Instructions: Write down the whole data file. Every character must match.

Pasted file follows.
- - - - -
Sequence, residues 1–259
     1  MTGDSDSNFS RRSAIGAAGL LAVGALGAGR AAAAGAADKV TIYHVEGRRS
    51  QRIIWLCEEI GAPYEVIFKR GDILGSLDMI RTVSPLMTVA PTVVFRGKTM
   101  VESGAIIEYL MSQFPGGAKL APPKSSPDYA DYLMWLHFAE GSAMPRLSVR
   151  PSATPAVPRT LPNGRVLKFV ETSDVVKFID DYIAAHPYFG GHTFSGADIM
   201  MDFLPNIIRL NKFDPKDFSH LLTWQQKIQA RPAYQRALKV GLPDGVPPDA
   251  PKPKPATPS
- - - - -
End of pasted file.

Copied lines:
Sequence, residues 1–259
     1  MTGDSDSNFS RRSAIGAAGL LAVGALGAGR AAAAGAADKV TIYHVEGRRS
    51  QRIIWLCEEI GAPYEVIFKR GDILGSLDMI RTVSPLMTVA PTVVFRGKTM
   101  VESGAIIEYL MSQFPGGAKL APPKSSPDYA DYLMWLHFAE GSAMPRLSVR
   151  PSATPAVPRT LPNGRVLKFV ETSDVVKFID DYIAAHPYFG GHTFSGADIM
   201  MDFLPNIIRL NKFDPKDFSH LLTWQQKIQA RPAYQRALKV GLPDGVPPDA
   251  PKPKPATPS